He’s Back! Hawass Returns Less Than a Month After Quitting
2011 04 01

By Kate Taylor | NYTimes.com



Zahi Hawass, who resigned as Egypt’s minister of antiquities less than a month ago under criticism for his close ties to former President Hosni Mubarak, was reappointed to the post on Wednesday, Agence France-Presse reported, citing an Egyptian news report; Mr. Hawass, reached by phone, confirmed his reappointment.

Mr. Hawass, a powerful figure in the world of Egyptology, was promoted to a cabinet position in the early days of the uprising, and drew the animosity of the revolutionaries by saying at the time that Mr. Mubarak should be allowed to hold power for another six months. He also said that Egypt’s museums and archeological sites were largely secure and that cases of looting were very limited. In the weeks that followed, that turned out not to be the case: several dozen objects were stolen from the Egyptian Museum in Cairo during a break-in on Jan. 28 — many have been recovered, though 37 are still missing — and hundreds more were taken from tombs and warehouses elsewhere in Egypt.

After Mr. Mubarak resigned, Mr. Hawass expressed support for the revolutionaries. Criticism of him mounted, however. On March 4, Egypt’s ruling military council acceded to the protesters’ demands by forcing the resignation of Prime Minister Ahmed Shafiq and replacing him with Essam A. Sharaf. Mr. Hawass, after posting on his blog for the first time a long list of sites that had been looted or damaged, announced that day that he had decided to resign because he could no longer protect Egypt’s antiquities. It was Mr. Sharaf who reappointed Mr. Hawass on Wednesday.

His departure had left a power vacuum at the antiquities ministry, according to Christian Manhart, the chief of the museums and cultural objects section of Unesco, who led a delegation to Egypt last week. Mr. Manhart said he was not surprised that Mr. Hawass had been reinstated, only that it had happened so quickly.

Mr. Hawass, who has never been accused of being humble, said on Wednesday that he did not ask to come back, but that there was no one else who could do the job. “I cannot live without antiquities, and antiquities cannot live without me,” he said.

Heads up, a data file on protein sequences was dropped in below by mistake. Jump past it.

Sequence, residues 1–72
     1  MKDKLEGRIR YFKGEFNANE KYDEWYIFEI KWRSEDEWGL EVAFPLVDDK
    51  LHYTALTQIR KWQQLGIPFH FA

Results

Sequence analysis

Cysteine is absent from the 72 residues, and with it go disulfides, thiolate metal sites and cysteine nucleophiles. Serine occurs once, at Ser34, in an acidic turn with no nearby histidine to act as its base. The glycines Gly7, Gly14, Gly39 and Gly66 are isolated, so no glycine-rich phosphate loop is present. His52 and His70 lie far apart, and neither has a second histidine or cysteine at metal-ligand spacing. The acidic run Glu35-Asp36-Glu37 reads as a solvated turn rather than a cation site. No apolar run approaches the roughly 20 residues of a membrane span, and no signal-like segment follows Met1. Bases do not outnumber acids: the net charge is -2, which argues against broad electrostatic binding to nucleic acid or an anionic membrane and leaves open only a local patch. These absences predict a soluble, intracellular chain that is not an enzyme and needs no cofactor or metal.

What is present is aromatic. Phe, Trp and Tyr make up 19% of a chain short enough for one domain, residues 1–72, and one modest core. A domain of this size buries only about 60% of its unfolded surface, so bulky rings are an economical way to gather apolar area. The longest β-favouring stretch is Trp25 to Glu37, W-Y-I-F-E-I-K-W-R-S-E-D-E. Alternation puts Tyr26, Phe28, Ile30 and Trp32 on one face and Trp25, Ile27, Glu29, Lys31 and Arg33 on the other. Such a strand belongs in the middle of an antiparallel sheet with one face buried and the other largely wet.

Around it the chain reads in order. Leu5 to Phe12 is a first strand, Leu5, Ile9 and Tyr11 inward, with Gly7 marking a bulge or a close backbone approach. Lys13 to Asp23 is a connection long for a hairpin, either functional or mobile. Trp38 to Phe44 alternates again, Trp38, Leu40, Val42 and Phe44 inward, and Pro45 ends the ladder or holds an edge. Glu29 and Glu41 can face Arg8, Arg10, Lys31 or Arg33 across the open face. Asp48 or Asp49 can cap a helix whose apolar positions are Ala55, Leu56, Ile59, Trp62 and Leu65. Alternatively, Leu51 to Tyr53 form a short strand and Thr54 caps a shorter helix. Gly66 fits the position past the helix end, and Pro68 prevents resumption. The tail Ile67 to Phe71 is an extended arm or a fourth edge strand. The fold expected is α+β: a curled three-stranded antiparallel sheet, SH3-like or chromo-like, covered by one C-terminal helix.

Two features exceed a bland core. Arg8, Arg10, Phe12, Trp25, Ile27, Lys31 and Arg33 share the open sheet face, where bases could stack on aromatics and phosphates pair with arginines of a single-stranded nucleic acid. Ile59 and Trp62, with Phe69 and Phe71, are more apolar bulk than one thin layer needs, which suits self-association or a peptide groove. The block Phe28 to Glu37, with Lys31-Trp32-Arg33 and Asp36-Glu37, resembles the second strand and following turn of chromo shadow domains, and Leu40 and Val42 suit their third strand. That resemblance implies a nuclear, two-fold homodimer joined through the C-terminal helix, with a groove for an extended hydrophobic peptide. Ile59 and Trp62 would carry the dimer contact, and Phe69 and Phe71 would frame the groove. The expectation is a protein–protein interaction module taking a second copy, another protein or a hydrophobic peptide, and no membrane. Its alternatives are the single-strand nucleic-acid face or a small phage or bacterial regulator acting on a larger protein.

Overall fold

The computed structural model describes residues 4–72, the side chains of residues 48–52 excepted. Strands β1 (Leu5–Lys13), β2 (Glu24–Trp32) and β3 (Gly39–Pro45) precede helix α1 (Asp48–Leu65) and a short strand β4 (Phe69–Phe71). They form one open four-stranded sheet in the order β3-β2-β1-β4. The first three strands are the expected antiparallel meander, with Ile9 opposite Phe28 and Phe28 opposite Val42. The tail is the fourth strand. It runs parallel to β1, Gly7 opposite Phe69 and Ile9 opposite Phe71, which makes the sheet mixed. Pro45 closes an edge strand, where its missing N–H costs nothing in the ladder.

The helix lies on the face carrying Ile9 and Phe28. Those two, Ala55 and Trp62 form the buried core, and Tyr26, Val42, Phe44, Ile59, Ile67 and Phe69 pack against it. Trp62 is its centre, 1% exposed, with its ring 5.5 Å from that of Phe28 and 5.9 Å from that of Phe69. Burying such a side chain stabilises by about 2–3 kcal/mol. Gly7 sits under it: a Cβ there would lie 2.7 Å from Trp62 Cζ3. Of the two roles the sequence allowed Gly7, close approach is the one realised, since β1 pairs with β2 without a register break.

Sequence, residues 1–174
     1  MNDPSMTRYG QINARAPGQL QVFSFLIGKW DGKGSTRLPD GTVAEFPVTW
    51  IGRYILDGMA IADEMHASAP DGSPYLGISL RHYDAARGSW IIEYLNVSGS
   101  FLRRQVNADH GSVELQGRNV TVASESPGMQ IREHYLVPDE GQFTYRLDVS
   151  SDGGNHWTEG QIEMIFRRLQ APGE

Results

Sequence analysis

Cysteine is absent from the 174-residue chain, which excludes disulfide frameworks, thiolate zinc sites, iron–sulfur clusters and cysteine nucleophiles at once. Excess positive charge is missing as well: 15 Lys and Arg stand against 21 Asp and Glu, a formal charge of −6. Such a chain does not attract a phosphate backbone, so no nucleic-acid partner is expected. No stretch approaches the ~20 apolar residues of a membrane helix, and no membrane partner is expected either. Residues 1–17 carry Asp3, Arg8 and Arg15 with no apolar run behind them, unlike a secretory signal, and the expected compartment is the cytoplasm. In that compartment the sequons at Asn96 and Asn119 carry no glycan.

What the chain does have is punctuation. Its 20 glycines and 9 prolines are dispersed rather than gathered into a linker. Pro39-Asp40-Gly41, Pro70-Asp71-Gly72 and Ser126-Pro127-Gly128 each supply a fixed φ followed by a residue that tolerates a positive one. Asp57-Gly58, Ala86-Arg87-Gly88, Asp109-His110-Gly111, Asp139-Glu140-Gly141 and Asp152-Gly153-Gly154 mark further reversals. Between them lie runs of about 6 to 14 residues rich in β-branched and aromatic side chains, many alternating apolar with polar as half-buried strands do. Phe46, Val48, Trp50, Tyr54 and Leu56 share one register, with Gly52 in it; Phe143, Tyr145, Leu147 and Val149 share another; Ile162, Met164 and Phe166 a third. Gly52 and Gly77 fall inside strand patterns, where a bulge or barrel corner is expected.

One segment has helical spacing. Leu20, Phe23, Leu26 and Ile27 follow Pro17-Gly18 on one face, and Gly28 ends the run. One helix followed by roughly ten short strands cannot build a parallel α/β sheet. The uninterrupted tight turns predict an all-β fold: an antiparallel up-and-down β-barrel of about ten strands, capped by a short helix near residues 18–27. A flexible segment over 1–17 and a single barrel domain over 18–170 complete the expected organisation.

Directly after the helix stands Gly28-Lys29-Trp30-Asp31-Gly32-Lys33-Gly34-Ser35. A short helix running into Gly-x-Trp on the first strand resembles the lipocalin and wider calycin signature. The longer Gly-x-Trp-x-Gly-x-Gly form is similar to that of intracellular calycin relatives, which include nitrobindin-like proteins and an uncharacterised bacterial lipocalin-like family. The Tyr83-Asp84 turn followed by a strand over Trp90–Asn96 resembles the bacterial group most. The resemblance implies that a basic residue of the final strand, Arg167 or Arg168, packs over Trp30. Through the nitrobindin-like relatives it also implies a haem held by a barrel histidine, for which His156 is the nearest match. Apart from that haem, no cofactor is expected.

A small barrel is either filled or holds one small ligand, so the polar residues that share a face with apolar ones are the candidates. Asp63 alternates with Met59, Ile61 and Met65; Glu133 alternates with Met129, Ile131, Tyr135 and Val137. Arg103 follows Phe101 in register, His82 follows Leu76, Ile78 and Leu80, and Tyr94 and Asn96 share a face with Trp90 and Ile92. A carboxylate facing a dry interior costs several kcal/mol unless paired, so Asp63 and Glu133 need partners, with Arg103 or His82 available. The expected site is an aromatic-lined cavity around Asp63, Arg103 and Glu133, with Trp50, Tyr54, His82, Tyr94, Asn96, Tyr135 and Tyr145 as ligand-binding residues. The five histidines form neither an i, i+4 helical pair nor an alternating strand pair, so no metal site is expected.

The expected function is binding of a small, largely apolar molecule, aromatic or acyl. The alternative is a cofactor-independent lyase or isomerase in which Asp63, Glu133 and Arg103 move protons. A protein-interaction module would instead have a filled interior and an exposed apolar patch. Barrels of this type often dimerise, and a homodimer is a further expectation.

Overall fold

Article from: artsbeat.blogs.nytimes.com



Related Articles
Dr Zahi Hawass Appointed to Egypt President Mubarak’s New Cabinet
The Fall of Pharaoh Zahi?
Egyptian Revolution? Globalists Own Both Horses In Two Horse Race
Egypt’s Antiquities Chief Quits Cabinet, Warns of Looting
The Egyptian Pursuit of Happiness
Egypt asks Berlin to return Nefertiti bust, Germany says "Nein"
Egypt Threatens Removal of Ancient Central Park Obelisk


Latest News from our Front Page

Department of Transportation Uses LRAD Sound Cannons Against Drivers
2014 04 16
The Missouri Department of Transportation revealed two newly acquired LRAD sound cannons this week, which will reportedly be used to target vehicles that speed in work zones. Coming in at $25,000 a piece, the Long-Range Acoustic Device, a sonic weapon best know for its use against protesters and insurgents in Afghanistan, will alert drivers to road conditions by shooting a loud ...
An ’Unknown Holocaust’ and the Hijacking of History
2014 04 16
An address by Mark Weber, director of the Institute for Historical Review, delivered at an IHR meeting in Orange County, California, on July 25, 2009. (A report on the meeting is posted here.) We hear a lot about terrible crimes committed by Germans during World War II, but we hear very little about crimes committed against Germans. Germany’s defeat in May ...
Ex-Mayor Bloomberg Starting $50 Million Gun-Control Network
2014 04 16
Former New York Mayor Michael Bloomberg ramped up his efforts to fight gun violence on Wednesday with a plan to spend $50 million on a grassroots network to organize voters on gun control. The initiative’s political target is the powerful pro-gun lobby, including the National Rifle Association, that spends millions of dollars each year to back gun-rights supporters. Bloomberg’s group, called Everytown ...
Nearly 300 missing after South Korean ferry sinks
2014 04 16
A ferry carrying 462 people, mostly high school students on an overnight trip to a tourist island, sank off South Korea’s southern coast on Wednesday, leaving more than 280 people missing despite a frantic, hours-long rescue by dozens of ships and helicopters. At least four people were confirmed dead and 55 injured. The high number of people unaccounted for -- likely ...
Flash Points of Tyranny: It Doesn’t End With The Bundy Standoff
2014 04 15
To the discerning eye they are everywhere; Flashpoints of tyranny threatening to push the nation into open revolt. The standoff between the Bundy ranch and the BLM feds is a visceral example of growing discontent over an expanding federal government. These abuses have occurred over many decades, with a focused intent. Centralization of power and a steady erosion of personal wealth ...
More News »